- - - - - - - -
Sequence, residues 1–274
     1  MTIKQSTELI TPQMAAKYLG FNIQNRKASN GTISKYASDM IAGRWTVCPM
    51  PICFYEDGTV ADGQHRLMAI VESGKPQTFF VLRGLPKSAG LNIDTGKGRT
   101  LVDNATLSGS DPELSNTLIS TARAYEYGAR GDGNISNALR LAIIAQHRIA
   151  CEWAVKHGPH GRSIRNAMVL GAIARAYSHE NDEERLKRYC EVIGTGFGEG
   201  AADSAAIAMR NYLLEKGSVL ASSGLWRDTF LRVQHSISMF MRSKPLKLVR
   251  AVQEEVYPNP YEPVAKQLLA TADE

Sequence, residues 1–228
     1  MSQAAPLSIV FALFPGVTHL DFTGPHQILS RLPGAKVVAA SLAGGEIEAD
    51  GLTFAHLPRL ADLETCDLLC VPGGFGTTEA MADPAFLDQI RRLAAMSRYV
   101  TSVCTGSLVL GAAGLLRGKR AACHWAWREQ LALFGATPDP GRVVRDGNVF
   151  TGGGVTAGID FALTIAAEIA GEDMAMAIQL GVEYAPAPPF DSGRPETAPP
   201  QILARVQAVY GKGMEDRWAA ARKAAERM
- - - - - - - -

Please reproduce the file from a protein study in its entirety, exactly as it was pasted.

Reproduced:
Sequence, residues 1–274
     1  MTIKQSTELI TPQMAAKYLG FNIQNRKASN GTISKYASDM IAGRWTVCPM
    51  PICFYEDGTV ADGQHRLMAI VESGKPQTFF VLRGLPKSAG LNIDTGKGRT
   101  LVDNATLSGS DPELSNTLIS TARAYEYGAR GDGNISNALR LAIIAQHRIA
   151  CEWAVKHGPH GRSIRNAMVL GAIARAYSHE NDEERLKRYC EVIGTGFGEG
   201  AADSAAIAMR NYLLEKGSVL ASSGLWRDTF LRVQHSISMF MRSKPLKLVR
   251  AVQEEVYPNP YEPVAKQLLA TADE

Sequence, residues 1–228
     1  MSQAAPLSIV FALFPGVTHL DFTGPHQILS RLPGAKVVAA SLAGGEIEAD
    51  GLTFAHLPRL ADLETCDLLC VPGGFGTTEA MADPAFLDQI RRLAAMSRYV
   101  TSVCTGSLVL GAAGLLRGKR AACHWAWREQ LALFGATPDP GRVVRDGNVF
   151  TGGGVTAGID FALTIAAEIA GEDMAMAIQL GVEYAPAPPF DSGRPETAPP
   201  QILARVQAVY GKGMEDRWAA ARKAAERM